Ashley Madison will not destroy the world. You're so correct that people cheating on each other is older than people.

What sets AM apart from a more traditional caught cheater is two things. First, and as you've clearly pointed out, is the stupidity of it. No one in their right mind would write down a plan to cheat on a spouse, so why in the world would anyone with half a wit plan an affair on a website knowing what all of us know?

Second, as was posted on another thread, the AM cheating is especially heinous. There is infidelity that happens in the moment, the result of passion. It doesn't excuse it, but I think we can all relate to it and when we see it we take time to remind ourselves how it's just as important to make the right small decisions as it is to make the right big decisions. Then there is the cheating that is premeditated. It isn't a clumsy plan formulated in passion, but a deliberate misdeed. I think of it like murder. If I killed someone because they hurt my kid, I'd probably have to go to jail, but it certainly wouldn't make me a public enemy. If I spent 6 years planning to kill my neighbor, well... You get it.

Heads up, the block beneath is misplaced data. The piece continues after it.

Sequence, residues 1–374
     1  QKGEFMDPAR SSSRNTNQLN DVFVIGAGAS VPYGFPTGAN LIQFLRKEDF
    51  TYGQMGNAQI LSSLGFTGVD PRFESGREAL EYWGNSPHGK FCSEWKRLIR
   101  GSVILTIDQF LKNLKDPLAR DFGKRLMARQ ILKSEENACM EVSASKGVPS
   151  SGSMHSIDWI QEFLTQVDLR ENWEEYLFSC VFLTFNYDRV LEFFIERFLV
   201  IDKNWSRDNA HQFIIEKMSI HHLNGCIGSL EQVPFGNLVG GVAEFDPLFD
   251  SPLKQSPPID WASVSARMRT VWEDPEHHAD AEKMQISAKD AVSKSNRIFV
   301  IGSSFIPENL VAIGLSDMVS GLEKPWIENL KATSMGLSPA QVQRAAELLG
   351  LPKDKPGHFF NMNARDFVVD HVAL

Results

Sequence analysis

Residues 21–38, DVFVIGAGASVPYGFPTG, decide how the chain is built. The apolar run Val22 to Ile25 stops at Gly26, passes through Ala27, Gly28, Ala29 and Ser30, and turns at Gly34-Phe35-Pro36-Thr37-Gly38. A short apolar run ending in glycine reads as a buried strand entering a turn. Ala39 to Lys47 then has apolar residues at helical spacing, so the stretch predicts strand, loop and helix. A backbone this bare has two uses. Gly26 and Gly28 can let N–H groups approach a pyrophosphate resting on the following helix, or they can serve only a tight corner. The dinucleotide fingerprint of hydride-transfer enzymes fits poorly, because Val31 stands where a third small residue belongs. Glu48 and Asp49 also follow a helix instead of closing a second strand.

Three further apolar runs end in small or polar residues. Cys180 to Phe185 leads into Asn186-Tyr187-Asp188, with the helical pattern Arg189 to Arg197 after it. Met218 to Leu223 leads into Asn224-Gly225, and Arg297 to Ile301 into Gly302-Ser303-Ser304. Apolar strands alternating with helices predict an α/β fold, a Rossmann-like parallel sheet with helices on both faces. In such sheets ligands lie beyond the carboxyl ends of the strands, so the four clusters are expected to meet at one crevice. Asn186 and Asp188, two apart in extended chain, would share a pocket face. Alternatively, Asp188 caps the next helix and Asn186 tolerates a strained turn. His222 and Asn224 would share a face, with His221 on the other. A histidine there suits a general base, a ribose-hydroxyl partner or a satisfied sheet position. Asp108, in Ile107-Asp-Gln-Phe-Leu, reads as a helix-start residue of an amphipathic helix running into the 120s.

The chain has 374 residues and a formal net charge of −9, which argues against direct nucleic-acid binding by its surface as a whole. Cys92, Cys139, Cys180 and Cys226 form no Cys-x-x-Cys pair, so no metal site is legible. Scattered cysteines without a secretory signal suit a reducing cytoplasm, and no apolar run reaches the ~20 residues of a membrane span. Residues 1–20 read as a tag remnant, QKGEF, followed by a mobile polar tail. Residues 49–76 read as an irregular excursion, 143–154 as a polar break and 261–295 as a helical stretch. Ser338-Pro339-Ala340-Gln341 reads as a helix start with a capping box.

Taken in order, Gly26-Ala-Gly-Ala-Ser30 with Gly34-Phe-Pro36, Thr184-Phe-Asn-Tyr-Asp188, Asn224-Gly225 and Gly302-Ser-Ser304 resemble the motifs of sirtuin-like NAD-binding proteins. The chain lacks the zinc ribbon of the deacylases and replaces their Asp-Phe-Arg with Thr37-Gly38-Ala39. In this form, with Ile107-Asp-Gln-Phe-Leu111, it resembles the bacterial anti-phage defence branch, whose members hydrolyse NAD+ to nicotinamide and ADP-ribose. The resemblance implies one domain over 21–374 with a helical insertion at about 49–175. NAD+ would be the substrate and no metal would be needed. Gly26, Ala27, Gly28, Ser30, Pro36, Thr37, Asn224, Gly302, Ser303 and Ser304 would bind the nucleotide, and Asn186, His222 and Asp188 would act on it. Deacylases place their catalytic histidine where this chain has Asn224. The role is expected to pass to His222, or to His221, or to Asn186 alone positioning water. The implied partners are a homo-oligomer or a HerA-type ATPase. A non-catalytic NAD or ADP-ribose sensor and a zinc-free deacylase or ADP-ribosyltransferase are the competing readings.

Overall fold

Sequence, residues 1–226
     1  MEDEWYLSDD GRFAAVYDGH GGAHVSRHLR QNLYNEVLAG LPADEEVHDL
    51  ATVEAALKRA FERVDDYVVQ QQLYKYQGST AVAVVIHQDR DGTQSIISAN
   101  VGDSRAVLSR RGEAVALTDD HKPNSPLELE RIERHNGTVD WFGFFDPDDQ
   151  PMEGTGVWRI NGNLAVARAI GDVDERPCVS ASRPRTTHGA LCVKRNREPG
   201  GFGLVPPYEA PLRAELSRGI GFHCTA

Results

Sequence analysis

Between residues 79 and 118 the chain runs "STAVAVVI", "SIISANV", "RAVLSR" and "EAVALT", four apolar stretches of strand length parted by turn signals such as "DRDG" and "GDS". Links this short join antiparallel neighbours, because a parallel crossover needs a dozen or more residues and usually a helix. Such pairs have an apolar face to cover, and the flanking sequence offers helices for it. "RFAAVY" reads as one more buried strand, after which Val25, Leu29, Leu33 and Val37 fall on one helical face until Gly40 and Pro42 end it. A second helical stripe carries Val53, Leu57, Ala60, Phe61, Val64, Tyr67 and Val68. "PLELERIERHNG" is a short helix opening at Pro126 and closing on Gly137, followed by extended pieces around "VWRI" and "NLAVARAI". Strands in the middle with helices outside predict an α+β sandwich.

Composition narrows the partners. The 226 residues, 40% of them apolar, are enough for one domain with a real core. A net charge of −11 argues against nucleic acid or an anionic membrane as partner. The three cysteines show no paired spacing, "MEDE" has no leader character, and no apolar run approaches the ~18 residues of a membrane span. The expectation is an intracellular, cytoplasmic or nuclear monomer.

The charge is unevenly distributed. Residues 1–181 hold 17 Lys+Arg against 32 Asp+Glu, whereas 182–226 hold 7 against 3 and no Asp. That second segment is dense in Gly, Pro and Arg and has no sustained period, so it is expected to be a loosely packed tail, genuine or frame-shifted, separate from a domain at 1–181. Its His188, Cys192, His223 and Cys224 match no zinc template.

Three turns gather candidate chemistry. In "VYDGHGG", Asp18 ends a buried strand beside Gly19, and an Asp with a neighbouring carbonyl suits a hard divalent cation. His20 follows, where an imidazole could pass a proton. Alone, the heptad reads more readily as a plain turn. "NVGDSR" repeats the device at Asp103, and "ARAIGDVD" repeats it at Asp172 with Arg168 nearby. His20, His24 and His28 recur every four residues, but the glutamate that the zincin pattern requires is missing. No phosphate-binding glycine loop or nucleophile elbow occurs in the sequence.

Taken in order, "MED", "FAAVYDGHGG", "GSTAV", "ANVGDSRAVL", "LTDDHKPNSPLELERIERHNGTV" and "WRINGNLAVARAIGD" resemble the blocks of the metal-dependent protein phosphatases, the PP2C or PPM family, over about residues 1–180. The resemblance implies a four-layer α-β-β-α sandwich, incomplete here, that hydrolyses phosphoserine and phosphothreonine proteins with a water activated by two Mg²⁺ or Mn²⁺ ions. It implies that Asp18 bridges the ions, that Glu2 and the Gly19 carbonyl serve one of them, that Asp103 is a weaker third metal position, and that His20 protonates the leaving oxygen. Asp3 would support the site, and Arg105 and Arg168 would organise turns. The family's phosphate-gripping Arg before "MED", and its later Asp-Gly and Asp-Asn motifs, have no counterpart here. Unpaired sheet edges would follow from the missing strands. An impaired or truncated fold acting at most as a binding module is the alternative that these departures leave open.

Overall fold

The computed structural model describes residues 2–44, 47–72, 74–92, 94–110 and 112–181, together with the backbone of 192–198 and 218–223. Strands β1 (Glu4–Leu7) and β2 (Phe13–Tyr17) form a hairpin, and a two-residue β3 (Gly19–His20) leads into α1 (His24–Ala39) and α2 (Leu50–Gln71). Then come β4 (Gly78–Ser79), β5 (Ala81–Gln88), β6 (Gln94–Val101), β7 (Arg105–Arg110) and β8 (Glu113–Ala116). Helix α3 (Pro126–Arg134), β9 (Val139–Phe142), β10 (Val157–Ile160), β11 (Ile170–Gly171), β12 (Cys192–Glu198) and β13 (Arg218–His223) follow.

AM won't change the world. The hack of AM won't change the world. What will dramatically change the world is the implication of something so private being made so public because of a single file. A click of a button and the biggest secret of millions is now out there for all the rest of us to gawk at. In a year AM will be a name we can sort of recall, but only because there will be several more high profile data leaks of some other intimate data. Here's to hoping it's not yours. I certainly hope it's not mine!